Localized wind shear also produced a number of other tornadoes within the main line of severe thunderstorms. As downbursts of powerful winds occurred, eddies on the edges of the strong winds enhanced shear on a microscale level. Numerous tornadoes occurred in these situations, often times coinciding with powerful downbursts.
While quite rare, these setups for significant severe weather do occasionally happen in our region. This set up was especially exceptional with the addition of the outflow boundary and topographic effects.
Perhaps the only set up that was even more explosive that I can recall is May 31, 1998. That set up was even more extreme and resulted in far more numerous tornadoes, some very strong, and widespread damaging winds throughout Upstate New York and Pennsylvania.
Tornadoes vs Downbursts
This severe weather event was exceptional in the number of tornadoes it produced. Nine tornadoes were confirmed, with a waterspout over a reservoir in Connecticut that could technically be counted as a tenth.
In addition to the tornadoes, there were a nearly equal amount of significant downbursts. Tornadoes get most of the press, but one of the main points I want to drive home with this blog post is that the downbursts were more damaging.
Tornadoes are typically relatively small. The largest tornadoes typically get to be about a mile wide, with two or three mile wide tornadoes being extremely rare. While wide tornados like this do have a historic precedent in the Northeast, it is much more common for tornadoes to be no more than a couple of football fields wide.
The widest tornado on May 15th came in at 600 yards, or about one-third of a mile. Three of the nine tornadoes were between 50-100 yards wide at their widest.
Path lengths are also relatively short. Again, there is historical precedent for long track tornadoes here. On the aforementioned May 31, 1998 event, a tornado traveled over 60 miles on the ground through the Southern Tier, including through the city of Binghamton.
In this case, though, the longest path length was 9.5 miles. Three of the tornadoes had a path under two miles.
The strength of the tornadoes ranged from 75 mph up to 115 mph. Only two of the tornadoes had maximum estimated winds over 100 mph, and two more had winds up to 100 mph.
In comparison, downbursts can occur over larger areas and have equally destructive wind speeds.
One such downburst in Connecticut covered approximately 27 square miles with wind speeds as high as 100 mph. This particular downburst resulted in two fatalities as trees fell on cars in separate locations. In all, five people died from downbursts knocking trees onto cars during this event. Zero fatalities were reported from tornadoes.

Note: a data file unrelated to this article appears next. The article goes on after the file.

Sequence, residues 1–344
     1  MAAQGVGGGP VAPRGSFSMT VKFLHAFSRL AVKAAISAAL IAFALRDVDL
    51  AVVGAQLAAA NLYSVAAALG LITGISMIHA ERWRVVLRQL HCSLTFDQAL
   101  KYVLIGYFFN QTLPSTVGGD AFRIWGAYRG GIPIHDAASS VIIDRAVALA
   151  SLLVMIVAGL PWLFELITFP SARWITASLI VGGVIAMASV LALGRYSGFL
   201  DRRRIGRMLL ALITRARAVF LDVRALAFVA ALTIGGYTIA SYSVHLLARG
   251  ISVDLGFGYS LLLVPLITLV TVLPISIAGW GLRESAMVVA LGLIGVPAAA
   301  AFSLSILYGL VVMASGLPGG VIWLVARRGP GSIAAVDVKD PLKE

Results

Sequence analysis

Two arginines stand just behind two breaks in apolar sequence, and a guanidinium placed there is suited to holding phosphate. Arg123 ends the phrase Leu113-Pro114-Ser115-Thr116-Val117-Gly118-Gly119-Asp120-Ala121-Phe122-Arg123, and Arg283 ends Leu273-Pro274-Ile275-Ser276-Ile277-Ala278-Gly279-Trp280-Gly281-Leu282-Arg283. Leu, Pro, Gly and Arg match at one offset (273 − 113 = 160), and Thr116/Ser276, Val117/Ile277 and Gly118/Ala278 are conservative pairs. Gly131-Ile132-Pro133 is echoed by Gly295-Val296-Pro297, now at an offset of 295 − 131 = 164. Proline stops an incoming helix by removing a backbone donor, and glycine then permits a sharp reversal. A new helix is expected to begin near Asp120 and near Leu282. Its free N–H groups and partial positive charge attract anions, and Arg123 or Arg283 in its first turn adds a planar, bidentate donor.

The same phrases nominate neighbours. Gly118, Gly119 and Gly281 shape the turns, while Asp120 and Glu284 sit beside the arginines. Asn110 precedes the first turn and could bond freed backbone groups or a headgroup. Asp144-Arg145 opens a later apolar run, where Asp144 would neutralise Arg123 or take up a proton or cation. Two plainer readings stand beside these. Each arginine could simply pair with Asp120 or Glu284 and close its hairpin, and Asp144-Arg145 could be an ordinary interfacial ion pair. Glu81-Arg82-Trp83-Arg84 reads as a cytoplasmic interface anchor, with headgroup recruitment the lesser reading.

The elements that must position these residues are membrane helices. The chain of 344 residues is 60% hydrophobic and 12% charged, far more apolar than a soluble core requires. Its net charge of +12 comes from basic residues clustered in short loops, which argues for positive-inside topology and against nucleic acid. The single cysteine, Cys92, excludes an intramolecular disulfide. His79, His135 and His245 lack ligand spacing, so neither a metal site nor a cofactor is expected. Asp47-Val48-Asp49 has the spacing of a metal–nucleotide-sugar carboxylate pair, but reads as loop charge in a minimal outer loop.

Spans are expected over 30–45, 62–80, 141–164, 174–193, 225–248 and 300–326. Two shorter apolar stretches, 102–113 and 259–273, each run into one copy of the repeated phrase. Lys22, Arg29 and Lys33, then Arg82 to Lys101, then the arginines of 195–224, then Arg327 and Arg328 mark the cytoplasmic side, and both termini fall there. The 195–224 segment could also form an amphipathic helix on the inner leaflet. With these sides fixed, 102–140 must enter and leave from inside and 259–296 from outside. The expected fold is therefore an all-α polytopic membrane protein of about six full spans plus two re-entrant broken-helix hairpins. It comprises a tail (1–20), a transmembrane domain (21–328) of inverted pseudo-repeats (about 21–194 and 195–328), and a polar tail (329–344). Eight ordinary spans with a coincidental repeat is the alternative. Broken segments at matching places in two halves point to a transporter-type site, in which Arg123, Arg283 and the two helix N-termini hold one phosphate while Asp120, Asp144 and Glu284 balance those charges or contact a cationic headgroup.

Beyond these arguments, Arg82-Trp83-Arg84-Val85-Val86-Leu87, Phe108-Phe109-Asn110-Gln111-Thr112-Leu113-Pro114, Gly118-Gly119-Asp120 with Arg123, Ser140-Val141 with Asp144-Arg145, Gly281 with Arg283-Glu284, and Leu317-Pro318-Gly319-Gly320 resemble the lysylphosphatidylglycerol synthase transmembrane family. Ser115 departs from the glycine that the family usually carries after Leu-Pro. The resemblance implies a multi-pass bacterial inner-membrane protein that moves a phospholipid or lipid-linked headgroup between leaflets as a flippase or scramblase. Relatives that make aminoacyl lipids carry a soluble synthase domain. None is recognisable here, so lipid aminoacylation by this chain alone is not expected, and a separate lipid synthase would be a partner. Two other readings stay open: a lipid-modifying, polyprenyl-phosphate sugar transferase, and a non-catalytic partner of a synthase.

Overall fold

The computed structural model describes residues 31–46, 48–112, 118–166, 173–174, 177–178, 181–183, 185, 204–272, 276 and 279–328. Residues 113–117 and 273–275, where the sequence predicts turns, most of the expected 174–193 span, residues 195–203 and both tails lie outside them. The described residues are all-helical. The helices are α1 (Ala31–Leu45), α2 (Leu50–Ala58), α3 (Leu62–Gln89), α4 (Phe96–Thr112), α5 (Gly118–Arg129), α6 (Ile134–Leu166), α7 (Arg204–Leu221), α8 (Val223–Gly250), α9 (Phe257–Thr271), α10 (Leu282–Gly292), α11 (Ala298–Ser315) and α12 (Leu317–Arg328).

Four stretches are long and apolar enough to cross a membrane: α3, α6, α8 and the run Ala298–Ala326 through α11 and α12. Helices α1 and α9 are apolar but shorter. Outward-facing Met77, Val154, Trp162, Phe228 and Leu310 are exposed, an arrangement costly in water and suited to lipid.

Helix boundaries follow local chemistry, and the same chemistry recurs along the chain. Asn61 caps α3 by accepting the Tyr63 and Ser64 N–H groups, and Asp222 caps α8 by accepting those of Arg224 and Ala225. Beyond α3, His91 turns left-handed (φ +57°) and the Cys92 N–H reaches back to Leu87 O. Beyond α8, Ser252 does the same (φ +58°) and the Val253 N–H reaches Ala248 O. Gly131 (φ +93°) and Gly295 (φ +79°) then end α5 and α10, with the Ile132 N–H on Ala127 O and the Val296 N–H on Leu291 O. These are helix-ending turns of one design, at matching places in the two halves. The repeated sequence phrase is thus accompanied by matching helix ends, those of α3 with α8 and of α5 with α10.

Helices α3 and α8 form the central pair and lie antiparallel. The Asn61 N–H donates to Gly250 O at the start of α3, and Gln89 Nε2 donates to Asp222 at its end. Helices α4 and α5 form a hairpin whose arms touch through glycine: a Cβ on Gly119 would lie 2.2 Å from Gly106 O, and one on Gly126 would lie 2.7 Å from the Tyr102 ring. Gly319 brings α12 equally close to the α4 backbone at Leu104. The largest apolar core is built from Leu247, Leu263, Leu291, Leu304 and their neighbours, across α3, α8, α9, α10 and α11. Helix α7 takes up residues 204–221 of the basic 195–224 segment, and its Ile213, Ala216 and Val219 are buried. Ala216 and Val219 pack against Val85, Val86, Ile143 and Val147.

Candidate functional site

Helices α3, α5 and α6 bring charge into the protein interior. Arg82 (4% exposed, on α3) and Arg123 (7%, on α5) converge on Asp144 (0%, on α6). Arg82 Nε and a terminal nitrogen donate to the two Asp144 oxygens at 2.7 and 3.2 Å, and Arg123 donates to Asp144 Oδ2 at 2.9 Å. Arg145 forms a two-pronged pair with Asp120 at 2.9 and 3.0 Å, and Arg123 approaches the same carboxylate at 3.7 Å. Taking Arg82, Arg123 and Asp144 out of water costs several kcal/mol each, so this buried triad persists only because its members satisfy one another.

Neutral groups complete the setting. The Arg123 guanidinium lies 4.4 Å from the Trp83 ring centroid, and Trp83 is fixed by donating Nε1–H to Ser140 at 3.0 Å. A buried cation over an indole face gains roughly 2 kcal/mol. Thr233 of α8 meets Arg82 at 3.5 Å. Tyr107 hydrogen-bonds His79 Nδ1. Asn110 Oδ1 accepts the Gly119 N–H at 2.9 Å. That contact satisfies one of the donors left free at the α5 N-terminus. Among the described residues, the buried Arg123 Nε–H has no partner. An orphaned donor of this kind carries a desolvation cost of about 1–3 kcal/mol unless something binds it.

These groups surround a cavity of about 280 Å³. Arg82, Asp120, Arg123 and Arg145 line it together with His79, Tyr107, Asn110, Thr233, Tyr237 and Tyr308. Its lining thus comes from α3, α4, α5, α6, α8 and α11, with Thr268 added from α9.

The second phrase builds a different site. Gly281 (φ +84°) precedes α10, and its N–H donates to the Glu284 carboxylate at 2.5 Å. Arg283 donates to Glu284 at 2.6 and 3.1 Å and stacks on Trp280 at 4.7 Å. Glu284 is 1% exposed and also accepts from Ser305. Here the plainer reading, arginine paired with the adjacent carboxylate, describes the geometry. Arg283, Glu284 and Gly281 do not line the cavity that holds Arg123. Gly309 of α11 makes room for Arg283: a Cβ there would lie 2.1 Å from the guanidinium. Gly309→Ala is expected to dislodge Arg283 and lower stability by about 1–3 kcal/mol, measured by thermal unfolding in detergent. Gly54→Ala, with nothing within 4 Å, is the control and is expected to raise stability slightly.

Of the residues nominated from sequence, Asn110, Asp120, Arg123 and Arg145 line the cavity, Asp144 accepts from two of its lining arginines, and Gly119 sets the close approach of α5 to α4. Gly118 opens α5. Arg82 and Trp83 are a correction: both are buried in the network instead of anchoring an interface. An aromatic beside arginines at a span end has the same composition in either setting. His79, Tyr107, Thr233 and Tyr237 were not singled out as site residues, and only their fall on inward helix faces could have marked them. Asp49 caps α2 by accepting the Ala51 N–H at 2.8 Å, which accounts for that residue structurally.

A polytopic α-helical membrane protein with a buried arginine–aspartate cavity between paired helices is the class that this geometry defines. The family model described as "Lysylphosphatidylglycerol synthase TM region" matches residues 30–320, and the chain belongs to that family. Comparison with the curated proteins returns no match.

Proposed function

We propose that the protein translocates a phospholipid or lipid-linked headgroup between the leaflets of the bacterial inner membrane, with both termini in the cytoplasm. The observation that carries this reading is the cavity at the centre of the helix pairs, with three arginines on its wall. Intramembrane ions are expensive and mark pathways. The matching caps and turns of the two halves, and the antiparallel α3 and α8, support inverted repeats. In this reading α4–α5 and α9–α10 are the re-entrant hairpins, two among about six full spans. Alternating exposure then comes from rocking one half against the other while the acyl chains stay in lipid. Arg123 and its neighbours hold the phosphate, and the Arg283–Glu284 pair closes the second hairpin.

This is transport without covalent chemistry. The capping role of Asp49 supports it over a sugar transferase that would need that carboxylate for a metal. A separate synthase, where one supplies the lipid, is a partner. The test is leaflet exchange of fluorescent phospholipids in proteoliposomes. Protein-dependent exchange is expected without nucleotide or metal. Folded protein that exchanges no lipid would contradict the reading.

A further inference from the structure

This is not to say that tornadoes are not dangerous. They certainly are and have the potential for higher wind speeds in the strongest tornadoes. In July 2014, a tornado with winds of 125-135 mph in Madison County, New York killed four people.
Most people are conditioned enough to take tornado warnings seriously. As I mentioned before, tornadoes get the press and are publicized.
However, it is equally important to take severe thunderstorm warnings seriously and to seek shelter from all severe thunderstorms. Not only can severe thunderstorms produce strong tornadoes with little warning, such as the one in Madison County in July 2014, but downbursts are equally, and at times, more devastating.
Tornadoes and downbursts may be relatively uncommon in the Northeast United States compared to the Plains and Deep South, but our climatic history is filled with such events. They do happen, and it is important to realize that. Significant and widespread severe weather events are an almost yearly occurrence. Some years have multiple intense events. Few may reach the level of this outbreak, let alone the May 1998 outbreak, but severe weather does not have to be widespread to threaten property and lives.
Education is a vital first step in being prepared. Realizing that these types of events have a historic precedent in our area is important. This is not meant to instill fear of thunderstorms, but a healthy respect for their power. This respect will, in turn, help you prepare the next time a storm threatens.
Next time a severe thunderstorm warning is issued, take it seriously. Chances are high that everything will turn out ok, but these warnings are issued for a reason.